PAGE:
Industry review by independent academics calls for major reforms to ‘confused and contradictory’ regulations

publication date: Sep 10, 2018
 | 
author/source: Kate Faulkner, Property Expert and Author of Which? Property Books

Calls for major reforms to ‘confused and contradictory’ regulations

Ten years after their seminal report on the private rental sector, Julie Rugg and David Rhodes have produced a review on how the industry has evolved over the past decade.

I am delighted that this much needed report is now in the open. I hope very much that it will encourage more sensible content and conversations from the industry, government and tenant groups, reported in a balanced way in the media – all of which will ultimately benefit the key consumer in this market: renters.

The current rhetoric blaming landlords and/or letting agents for any problems in the PRS is wrong. Rather than encouraging landlords and agents to put decent roofs over people's heads at an affordable price, it makes tenants the biggest losers.  

What’s in this report?
The Evolving Private Rented Sector: Its Contribution and Potential, funded by the Nationwide Foundation, they examine:

  • supply and demand in the PRS and property market as a whole
  • the changing needs of householders
  • renting into retirement
  • property conditions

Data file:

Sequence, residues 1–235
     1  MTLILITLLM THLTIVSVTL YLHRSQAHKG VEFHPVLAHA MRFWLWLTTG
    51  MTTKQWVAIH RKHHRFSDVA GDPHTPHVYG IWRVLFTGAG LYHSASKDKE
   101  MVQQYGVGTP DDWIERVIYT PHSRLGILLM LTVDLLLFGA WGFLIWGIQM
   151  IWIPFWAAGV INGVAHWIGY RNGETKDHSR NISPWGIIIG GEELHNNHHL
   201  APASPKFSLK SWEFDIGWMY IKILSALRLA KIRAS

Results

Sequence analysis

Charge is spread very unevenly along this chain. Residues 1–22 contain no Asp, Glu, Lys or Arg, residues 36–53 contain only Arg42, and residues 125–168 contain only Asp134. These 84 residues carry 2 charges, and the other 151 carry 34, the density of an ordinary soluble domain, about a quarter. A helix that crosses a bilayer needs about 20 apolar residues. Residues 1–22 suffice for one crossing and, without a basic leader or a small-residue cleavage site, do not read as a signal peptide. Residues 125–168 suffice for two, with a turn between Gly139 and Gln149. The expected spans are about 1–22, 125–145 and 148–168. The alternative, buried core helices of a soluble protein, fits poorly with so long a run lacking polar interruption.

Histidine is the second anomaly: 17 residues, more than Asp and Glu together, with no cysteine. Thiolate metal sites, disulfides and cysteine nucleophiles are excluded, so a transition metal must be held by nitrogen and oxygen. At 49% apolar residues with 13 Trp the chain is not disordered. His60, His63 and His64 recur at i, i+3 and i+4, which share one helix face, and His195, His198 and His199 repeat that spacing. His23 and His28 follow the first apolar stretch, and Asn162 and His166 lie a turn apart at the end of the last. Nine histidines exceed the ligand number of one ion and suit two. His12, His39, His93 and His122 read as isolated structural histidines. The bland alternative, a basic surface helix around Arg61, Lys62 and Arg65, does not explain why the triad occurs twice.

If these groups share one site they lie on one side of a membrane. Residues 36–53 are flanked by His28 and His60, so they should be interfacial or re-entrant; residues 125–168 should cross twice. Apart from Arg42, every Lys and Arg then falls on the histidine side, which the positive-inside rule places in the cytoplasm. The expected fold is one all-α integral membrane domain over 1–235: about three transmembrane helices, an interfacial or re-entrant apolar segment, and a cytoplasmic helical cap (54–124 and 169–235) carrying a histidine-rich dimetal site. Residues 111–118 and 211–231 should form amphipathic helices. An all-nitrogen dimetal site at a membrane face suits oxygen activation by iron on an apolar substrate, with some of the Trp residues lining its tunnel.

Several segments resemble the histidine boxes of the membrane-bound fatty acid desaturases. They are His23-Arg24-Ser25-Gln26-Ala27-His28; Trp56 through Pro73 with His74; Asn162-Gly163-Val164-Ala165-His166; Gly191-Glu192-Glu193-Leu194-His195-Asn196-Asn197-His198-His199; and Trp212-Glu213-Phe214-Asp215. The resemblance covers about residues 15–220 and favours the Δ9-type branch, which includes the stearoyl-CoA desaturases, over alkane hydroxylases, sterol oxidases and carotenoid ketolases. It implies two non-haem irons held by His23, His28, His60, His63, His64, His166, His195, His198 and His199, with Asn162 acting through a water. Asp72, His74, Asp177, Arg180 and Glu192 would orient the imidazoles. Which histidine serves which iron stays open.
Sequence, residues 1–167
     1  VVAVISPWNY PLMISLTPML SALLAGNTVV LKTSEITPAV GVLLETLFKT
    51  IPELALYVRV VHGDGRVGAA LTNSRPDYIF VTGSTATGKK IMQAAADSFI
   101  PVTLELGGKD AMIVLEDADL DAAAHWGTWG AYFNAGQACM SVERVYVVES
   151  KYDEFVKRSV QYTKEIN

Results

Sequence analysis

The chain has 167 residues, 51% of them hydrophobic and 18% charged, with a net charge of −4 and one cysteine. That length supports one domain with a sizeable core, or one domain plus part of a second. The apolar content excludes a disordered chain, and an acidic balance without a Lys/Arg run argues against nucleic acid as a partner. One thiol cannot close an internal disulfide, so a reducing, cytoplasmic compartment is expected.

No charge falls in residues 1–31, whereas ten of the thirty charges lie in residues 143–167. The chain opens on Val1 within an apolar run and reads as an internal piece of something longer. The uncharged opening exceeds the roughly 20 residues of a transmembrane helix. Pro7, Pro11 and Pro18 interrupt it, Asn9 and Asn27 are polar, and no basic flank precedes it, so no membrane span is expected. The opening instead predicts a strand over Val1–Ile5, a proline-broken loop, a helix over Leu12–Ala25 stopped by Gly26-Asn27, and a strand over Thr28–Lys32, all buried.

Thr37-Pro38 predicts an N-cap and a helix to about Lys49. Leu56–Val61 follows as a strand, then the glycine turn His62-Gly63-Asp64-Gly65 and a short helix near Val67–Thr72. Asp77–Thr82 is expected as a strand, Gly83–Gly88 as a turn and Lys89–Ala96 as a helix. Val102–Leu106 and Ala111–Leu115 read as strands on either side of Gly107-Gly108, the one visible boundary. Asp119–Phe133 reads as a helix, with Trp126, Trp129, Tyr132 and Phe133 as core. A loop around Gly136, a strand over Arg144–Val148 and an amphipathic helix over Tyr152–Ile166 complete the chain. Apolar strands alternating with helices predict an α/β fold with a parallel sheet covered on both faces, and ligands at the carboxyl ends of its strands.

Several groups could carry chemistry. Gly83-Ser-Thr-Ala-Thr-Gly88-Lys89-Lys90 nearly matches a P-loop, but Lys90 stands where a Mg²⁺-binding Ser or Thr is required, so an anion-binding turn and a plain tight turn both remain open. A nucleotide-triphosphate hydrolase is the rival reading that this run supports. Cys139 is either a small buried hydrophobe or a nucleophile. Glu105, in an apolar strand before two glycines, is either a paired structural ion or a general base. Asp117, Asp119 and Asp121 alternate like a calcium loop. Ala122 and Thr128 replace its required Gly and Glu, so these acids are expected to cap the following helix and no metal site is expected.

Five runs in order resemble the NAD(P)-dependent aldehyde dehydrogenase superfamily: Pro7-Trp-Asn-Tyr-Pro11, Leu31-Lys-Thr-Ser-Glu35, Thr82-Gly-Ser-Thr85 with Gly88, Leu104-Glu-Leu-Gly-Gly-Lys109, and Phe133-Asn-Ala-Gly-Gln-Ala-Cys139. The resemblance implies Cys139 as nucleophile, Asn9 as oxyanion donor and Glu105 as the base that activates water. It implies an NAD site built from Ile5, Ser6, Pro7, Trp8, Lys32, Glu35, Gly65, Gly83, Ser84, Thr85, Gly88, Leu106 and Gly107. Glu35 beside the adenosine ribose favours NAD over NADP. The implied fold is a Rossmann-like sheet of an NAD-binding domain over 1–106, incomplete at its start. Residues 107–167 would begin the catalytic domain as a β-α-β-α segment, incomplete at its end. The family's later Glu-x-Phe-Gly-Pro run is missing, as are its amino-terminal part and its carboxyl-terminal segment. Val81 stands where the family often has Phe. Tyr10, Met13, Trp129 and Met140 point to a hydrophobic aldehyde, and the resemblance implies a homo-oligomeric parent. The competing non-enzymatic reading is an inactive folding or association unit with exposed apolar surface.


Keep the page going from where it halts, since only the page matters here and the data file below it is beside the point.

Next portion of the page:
• regulations and enforcement
  • taxation changes for landlords
  • support for tenants on a low income and the effects of Welfare Reform

Attitudes towards the PRS need to change
Their findings lead them to call for a major overhaul of lettings legislation: There needs to be an entirely new regulatory framework for the PRS. The current law is confused and contradictory. The law should be revised and simplified.”

They recommend a ‘more neutral approach’ from the government: “overtly ‘pro’ or ‘anti’ PRS measures always distort the market. A more neutral approach increases the precision with which it is possible to understand problems and define appropriate solutions.”

The review also highlights London-centric policies which don’t always serve the needs of tenants around the country:  London’s PRS dominates the narratives that sit around renting, but the capital is not the only story. Renting is configured differently in different types of area: problems are not the same, and solutions have to be flexible enough to accommodate difference.”

Other recommendations in the review include:

  1. A mandatory national landlord and letting agent register, with penalty points accrued for contravening regulations, leading to a ban if sufficient points are awarded.
  2. Annual property “MoT” certificates, required by law to let a property.
  3. More investigation of the issues facing tenants outside of London, so strategies can be tailored accordingly.
  4. Looking to Scotland and how its tenure system affects landlords and tenants before making changes to the current system.
  5. An urgent review of the welfare system to reduce homelessness and develop solutions which work in co-operation with landlords.

I can’t wait to see what happens next. I hope very much that this excellent review will be listened to by MPs and those wanting real change in the sector rather than creating headlines for headline's sake.

It’s time to put tenants first and to help ensure they feel they are in a sector where they will be well looked after, whatever their budget, rather than constantly telling them they are getting a raw deal and should expect to be treated badly. 

Let us hope in the next 10 years (or if I have anything to do with it, 5 years!) we have a fantastic sector that we can all be proud of.

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